Every year Baltimore’s Enoch Pratt Library holds an Altered Book Contest. An altered book is a bound book that’s been reworked in some way—torn, painted, sculpted, woven—to create a piece of art. (Link here for examples.) My friend Trish Rawlings’ entry, above, is entitled “l’enfant lune.” Here’s a 3-dimensional view:
I’m entranced by the little baby lip on her Moon Child. I just want to kiss it. But the rest of the face—the old-man eyebrows, the unformed ears, the darkness under the nose–disturbs me. One thing I love about Trish’s work is that I find it as unsettling as I do beautiful.
When Trish sent me these pictures, she included a description of how she created her altered book. I’m posting her description, below, because I think such descriptions of the creative process are invaluable and fascinating. It’s easy to look at a finished piece and assume the work came wholesale to the artist, who merely had to transcribe or record a vision already complete. But really the creative process is a series of unexpected turns and about-faces and diversions and surprise destinations. Where you begin is so rarely where you end.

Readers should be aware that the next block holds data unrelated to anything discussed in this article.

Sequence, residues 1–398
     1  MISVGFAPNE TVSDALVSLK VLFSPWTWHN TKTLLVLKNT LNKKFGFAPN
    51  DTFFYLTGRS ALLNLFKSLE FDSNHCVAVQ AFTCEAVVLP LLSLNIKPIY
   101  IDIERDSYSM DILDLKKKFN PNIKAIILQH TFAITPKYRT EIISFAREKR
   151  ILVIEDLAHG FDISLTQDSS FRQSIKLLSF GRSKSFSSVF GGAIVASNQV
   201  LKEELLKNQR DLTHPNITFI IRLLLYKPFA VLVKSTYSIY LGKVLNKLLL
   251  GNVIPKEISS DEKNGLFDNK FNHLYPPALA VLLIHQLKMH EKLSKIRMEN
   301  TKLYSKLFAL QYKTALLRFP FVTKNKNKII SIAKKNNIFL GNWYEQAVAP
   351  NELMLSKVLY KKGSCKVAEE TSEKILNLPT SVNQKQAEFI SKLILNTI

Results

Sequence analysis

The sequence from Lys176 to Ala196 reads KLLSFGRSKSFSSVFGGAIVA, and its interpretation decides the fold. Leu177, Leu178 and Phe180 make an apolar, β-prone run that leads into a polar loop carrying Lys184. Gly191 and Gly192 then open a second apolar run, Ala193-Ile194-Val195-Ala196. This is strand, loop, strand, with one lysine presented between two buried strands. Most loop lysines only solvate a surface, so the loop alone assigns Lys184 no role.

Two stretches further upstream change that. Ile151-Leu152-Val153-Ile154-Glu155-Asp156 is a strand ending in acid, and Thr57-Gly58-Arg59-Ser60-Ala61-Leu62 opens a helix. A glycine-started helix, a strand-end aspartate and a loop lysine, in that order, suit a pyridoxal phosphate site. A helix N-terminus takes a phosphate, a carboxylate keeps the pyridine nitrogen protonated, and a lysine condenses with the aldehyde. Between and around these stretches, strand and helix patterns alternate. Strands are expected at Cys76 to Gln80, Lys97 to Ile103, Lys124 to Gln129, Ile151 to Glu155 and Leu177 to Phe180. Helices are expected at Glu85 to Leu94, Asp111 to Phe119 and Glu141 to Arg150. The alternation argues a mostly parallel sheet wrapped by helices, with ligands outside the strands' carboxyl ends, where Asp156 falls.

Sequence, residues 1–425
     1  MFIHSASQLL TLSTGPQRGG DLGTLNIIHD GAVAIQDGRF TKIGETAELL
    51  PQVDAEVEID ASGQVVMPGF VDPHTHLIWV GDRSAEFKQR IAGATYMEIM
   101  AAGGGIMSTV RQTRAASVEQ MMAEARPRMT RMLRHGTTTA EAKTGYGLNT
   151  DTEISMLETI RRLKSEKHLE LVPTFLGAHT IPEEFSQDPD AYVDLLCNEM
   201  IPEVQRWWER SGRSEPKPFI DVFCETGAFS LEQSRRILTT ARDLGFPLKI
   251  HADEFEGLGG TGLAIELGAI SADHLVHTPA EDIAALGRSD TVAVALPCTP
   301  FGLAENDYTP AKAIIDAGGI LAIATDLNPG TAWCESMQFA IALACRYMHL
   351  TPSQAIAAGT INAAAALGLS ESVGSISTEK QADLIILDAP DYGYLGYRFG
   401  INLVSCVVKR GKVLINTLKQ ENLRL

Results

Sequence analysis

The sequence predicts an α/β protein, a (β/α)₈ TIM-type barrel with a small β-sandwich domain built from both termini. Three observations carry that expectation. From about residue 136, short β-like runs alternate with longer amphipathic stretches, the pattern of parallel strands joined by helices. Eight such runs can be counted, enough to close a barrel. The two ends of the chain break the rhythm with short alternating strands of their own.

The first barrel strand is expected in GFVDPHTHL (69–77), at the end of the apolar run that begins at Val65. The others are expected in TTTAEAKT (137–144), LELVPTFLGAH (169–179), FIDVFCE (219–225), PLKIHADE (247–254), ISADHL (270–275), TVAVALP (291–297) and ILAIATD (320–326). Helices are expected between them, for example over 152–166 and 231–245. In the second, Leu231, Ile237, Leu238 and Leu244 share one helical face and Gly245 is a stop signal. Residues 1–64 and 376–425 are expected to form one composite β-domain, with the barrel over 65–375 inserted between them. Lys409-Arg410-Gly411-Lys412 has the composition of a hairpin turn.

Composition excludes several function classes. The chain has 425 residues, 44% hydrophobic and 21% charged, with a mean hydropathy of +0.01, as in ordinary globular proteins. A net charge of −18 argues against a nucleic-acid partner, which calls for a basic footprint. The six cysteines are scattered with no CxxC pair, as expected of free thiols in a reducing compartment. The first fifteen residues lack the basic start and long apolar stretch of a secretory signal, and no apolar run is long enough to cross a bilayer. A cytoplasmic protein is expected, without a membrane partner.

I took a book about the Hubble space telescope. As I was working the little face became more and more an alien-type thing.
Then I recalled a friend from undergrad days, a gal from Paris whose parents made the move to separate Sylvie from her boyfriend Jeff by sending her to the University of Maryland. I met her after I joined the International Club and we became fast friends, she calling herself the Sun and I the Moon. Yeah, we were young! Anyway, she made this booklet story called L’enfant lune and I was thinking of this as my book idea became more and more a little moon child.
I sculpted a face in wax for the lost wax bronze casting course, but when the course was cancelled this fall cause not enough folks signed up, I made a latex rubber mold of it and then put in papier mache. Over this added paperclay, then sanded and painted. Then glued it to the painted/decorated book…. Twas fun to do but also more work than I had thought it would be. Isn’t that life?
Here’s a picture of young Trish (lower left) and her French friend Sylvie from 1964. How young and full of creative spirit they look to me!